Download the authoritative guide: Cloud Computing 2019: Using the Cloud for Competitive AdvantageTORONTO -- Microsoft's CEO Steve Ballmer came out swinging -- verbally and even physically at times, at the Worldwide Partner Conference where he mocked open source technology, Linux in particular, while touting opportunities on the company's own platforms.
During a keynote address here Tuesday, Ballmer also identified Novell customers as prime targets for Microsoft's partners to pick off as potential new customers.
At once an energetic mix of salesmanship and showmanship, Ballmer's appearance kept the Microsoft faithful entertained throughout his discussion, which included Microsoft's security focus and opportunities for partner development and his fists in the air while referencing Linux and Open Source technology.
As is customary at Microsoft conferences, the keynote began with a spoof, in this case a rendition of Queen's ''Bohemian Rhapsody''. Instead of the song's refrain, ''Oh mama mia mama mia, let me go,'' the audience heard: ''Please Unleash the Marketing Juggernaut now,'' as well as: ''The penguin will lose to Windows.'' The audience roared.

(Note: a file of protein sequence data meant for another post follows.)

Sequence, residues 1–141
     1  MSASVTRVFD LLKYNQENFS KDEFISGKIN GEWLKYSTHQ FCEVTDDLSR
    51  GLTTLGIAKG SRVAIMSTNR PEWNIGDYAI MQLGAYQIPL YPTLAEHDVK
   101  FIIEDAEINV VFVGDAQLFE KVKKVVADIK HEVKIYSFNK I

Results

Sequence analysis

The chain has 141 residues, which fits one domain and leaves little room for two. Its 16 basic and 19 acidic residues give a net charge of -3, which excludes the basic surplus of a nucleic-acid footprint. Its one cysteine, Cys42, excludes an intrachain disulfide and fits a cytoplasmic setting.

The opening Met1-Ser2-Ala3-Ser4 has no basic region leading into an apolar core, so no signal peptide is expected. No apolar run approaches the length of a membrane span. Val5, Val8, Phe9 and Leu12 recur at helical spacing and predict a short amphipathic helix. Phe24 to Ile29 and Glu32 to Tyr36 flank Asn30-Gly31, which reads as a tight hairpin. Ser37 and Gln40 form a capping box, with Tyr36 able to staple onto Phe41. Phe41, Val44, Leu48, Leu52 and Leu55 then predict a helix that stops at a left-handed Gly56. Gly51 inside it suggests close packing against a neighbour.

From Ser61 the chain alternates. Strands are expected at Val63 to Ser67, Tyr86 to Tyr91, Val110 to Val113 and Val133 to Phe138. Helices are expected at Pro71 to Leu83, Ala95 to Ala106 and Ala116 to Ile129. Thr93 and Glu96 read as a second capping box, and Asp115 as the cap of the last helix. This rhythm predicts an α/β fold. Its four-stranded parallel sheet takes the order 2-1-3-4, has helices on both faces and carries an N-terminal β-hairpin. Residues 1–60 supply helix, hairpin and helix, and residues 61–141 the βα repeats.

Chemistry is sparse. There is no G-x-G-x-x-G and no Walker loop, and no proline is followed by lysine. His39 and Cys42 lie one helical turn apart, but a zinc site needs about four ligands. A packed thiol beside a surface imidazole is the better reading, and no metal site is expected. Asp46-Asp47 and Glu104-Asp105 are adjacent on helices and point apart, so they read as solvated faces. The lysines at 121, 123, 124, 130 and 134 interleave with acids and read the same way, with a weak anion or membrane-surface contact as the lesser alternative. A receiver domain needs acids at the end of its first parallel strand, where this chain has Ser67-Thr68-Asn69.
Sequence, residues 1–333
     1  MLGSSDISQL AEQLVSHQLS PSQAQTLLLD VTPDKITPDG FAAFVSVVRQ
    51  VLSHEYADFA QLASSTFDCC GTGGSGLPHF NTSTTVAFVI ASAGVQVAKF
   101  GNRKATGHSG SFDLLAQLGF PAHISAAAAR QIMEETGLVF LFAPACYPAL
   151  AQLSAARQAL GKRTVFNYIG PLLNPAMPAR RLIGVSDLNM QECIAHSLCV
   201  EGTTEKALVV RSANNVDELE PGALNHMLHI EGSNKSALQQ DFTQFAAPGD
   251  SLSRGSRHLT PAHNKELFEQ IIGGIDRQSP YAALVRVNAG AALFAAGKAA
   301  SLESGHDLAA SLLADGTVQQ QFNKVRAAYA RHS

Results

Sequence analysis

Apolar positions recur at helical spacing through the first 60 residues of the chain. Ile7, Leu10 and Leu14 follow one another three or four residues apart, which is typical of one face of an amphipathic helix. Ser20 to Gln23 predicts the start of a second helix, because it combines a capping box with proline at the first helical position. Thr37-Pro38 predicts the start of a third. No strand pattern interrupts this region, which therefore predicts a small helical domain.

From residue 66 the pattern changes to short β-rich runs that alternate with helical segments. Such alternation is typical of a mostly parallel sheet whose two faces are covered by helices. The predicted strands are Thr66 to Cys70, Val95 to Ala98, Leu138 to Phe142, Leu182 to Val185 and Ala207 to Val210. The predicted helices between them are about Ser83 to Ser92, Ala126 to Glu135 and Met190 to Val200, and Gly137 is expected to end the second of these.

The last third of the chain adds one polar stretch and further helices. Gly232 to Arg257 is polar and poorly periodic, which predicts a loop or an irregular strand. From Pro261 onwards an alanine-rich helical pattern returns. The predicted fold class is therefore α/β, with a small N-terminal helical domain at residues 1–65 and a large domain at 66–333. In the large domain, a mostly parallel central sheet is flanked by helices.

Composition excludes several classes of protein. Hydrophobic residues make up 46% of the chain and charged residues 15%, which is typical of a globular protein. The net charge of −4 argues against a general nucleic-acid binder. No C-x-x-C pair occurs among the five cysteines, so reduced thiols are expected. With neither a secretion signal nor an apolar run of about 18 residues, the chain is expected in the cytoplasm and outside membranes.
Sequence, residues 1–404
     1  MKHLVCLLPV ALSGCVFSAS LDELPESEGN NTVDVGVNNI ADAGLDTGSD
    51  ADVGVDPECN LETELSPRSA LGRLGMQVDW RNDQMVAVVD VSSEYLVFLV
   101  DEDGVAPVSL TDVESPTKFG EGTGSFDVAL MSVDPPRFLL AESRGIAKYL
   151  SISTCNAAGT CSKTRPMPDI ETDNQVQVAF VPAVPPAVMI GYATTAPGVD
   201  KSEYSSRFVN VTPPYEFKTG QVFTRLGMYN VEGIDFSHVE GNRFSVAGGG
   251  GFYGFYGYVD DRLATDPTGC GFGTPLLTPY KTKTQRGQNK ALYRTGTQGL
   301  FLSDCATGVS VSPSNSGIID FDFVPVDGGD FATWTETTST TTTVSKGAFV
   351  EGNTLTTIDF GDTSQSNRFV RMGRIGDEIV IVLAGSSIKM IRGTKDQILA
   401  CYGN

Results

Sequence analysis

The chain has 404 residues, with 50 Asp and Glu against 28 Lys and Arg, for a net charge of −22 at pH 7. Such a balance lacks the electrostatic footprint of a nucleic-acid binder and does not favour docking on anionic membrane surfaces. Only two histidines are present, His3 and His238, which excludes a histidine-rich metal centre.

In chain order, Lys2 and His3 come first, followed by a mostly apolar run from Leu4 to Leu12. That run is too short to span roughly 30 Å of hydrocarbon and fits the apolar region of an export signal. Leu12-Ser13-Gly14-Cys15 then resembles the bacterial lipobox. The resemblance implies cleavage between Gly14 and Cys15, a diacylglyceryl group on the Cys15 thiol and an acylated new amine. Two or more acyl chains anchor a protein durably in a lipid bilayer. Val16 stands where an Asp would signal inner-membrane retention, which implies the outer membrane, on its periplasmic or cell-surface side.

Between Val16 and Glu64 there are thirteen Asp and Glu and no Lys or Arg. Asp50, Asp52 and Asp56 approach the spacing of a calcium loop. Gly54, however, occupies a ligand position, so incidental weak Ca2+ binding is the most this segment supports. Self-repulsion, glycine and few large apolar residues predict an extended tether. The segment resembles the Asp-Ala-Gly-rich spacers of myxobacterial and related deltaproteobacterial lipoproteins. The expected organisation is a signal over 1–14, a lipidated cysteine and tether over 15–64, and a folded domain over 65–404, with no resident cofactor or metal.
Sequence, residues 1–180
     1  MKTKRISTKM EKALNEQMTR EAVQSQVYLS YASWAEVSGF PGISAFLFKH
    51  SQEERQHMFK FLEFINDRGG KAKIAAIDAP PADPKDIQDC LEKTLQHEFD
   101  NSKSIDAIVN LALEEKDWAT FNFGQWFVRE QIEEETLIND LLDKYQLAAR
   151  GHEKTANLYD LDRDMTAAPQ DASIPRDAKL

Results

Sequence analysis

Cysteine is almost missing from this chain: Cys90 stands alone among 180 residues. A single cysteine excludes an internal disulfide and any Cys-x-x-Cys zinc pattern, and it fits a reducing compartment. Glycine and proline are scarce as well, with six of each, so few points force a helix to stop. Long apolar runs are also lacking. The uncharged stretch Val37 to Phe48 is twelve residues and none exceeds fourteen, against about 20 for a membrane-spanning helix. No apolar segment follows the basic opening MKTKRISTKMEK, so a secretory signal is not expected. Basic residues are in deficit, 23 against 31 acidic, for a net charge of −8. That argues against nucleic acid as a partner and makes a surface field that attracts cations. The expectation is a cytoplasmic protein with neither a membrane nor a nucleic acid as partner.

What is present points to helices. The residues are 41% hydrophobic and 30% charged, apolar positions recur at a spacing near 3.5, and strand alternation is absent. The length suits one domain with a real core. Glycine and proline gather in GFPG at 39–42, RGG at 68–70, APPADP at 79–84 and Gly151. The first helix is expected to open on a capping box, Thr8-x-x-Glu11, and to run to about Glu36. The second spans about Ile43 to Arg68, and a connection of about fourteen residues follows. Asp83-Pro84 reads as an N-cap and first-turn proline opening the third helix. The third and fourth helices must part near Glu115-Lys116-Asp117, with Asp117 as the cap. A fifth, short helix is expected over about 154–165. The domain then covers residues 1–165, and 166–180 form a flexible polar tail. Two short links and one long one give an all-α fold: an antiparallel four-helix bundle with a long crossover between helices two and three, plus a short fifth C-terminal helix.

Asked during the Q&A portion about open source, Ballmer, who was seated at the time, clenched his fists and sprung to his feet. ''It's either the iced tea, or I'm a bit of a caged animal on this,'' he said. At times pounding his fists or waving his arms, Ballmer criticized open source and faulted it for what it does not offer to partners, compared to Microsoft.
Ballmer asserted that Microsoft is responsible for more customer wins and innovation than anyone else. In his view, he continued, this can be traced to commercial software rather than open source projects.
''Linux is a good clone of UNIX,'' he said, but it has not been responsible for any ''breakthrough technology'' and merely replicates what commercial vendors have already produced.
''Who will stand up and stand behind open source?'' Ballmer shouted. ''Microsoft provides a clear chain of responsibility. No such line exists in open source.''